The same year that I published my first book of poetry, I learned to build trails. While building a bridge out of red maple and black ash, I thought about building a story. Moving stones to build a staircase, is not so different from moving words to construct an essay. The first time I sharpened my own ax I thought about sharpening pencils. At night, the lake where I was living looked like ink.
As I began my year of service with the Student Conservation Association, my goal was to strike a balance between my commitments to writing, community, and the environment. Sitting around the big table in our communal dining room the twenty people I would be spending the next year with introduced themselves.
Name. Hometown. Major. One other fact about yourself.
One after the other these recent college graduates described themselves in disciplines: Biology, Ecology, Environmental Science, Environmental Studies, Geography, Geology, Natural Resource Management, Environmental Law, Landscape Architecture, Chemistry, Forestry… and then there was me.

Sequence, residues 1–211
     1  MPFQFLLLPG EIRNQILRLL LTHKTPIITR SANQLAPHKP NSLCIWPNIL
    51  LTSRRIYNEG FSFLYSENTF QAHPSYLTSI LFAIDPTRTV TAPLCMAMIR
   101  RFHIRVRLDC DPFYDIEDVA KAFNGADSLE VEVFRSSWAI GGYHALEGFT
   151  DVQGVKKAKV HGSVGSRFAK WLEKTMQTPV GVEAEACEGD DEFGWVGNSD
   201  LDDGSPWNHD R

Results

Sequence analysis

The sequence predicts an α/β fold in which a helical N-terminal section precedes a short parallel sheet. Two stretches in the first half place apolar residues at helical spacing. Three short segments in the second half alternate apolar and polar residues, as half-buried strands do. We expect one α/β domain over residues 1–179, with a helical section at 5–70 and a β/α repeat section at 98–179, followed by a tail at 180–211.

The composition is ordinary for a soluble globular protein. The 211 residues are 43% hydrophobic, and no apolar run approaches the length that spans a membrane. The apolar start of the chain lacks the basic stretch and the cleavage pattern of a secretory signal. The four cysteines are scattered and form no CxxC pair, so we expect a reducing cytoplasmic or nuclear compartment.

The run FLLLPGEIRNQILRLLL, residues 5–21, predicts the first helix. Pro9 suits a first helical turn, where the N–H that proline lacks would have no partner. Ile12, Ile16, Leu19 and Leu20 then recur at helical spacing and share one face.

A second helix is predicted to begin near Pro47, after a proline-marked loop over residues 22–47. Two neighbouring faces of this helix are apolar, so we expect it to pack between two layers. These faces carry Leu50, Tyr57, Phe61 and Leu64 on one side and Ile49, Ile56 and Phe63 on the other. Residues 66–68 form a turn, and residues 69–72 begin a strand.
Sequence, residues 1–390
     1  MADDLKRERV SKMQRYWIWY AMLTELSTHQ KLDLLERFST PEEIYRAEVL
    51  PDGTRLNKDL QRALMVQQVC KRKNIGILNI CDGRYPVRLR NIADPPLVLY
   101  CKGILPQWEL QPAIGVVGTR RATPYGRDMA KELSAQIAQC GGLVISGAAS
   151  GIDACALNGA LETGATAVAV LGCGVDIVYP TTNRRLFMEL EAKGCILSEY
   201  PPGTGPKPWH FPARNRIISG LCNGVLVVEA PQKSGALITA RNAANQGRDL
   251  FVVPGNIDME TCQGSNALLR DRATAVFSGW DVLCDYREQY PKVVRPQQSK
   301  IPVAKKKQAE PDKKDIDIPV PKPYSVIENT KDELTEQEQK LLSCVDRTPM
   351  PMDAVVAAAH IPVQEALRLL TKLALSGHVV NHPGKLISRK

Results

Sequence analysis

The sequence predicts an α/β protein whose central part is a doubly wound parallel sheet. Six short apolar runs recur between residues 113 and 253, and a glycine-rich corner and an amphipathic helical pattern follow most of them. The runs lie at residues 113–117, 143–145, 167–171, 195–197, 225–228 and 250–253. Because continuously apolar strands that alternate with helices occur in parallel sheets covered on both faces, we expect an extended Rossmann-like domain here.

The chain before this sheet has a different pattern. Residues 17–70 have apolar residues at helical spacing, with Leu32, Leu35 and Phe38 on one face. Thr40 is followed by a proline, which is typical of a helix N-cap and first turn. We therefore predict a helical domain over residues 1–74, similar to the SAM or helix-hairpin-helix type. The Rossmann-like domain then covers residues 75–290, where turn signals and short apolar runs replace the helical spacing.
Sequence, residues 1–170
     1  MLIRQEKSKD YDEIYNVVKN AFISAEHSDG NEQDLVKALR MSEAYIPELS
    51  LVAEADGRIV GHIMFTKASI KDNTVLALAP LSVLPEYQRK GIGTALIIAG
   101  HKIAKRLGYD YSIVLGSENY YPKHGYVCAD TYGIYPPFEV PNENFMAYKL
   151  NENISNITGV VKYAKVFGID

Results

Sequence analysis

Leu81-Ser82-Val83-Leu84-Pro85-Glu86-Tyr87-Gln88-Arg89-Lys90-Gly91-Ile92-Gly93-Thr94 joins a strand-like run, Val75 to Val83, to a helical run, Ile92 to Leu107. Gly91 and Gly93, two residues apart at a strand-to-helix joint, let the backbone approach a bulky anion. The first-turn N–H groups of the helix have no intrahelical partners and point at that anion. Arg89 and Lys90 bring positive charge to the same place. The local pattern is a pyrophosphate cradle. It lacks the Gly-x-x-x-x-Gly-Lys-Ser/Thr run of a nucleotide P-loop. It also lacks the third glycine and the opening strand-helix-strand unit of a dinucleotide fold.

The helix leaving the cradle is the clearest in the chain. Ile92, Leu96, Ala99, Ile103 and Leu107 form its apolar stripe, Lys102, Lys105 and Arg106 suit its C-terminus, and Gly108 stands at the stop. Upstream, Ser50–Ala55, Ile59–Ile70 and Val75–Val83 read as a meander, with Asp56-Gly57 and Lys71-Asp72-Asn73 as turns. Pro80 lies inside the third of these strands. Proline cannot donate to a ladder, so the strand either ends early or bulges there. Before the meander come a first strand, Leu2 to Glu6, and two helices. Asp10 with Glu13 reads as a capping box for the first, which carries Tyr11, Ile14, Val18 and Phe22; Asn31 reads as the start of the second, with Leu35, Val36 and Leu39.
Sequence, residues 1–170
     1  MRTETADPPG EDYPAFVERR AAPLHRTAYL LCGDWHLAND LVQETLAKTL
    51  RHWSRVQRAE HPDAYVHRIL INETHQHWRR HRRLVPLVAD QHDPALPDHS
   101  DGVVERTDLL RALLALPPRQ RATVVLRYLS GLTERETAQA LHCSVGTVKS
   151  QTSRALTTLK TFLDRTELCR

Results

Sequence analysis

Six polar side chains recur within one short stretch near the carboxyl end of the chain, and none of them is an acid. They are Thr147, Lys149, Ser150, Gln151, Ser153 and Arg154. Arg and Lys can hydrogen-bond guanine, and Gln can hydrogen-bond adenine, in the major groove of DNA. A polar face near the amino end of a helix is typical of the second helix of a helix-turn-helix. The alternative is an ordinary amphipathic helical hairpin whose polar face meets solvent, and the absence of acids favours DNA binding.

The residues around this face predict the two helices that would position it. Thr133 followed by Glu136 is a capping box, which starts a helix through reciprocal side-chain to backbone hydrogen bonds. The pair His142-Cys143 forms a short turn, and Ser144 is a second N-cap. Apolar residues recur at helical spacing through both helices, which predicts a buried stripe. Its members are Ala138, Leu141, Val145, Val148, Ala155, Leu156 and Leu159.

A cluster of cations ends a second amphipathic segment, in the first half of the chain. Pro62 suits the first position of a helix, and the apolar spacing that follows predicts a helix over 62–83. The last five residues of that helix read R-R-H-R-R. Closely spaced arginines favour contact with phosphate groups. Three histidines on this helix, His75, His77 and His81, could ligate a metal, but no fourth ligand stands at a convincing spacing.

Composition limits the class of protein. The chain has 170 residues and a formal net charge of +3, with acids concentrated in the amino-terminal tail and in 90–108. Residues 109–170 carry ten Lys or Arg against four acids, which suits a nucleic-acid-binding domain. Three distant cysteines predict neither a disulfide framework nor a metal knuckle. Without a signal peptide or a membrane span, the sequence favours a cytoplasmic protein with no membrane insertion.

Everyone was surprised to find an English major in their midst. Continue reading
Or “How I learned to stop worrying and love the screen.”
In the March 2nd edition of The Atlantic Sven Birkerts laments the way that the Kindle and other new technologies are eroding “a certain kind of cultural understanding.” This is not the first time Birkerts has made this appeal. His best known book, The Gutenberg Elegies: The Fate of Reading in an Electronic Age, is an expanded version of this argument. The Kindle is just a convenient and timely vehicle for his longstanding critique of literacy in our digital age.
Birkerts’ reference to Gutenberg in the title of his book is fitting. As I read his article, I couldn’t help but thinking of a story Clay Shirky tells in his book Here Comes Everybody. Shirky writes about the scribes – an elite group of literate monks – whose job it was, for many centuries, to hand-copy books. That is, until the 1400’s when Gutenberg came along. “Suddenly,” writes Josh Benton, describing the scene, “scribes were no longer a necessary link between knowledge and learner.” And as the printing press spread across Europe, the scribes sounded remarkably like Birkerts, warning of all that we will lose if we allow technology to reshape reading. Continue reading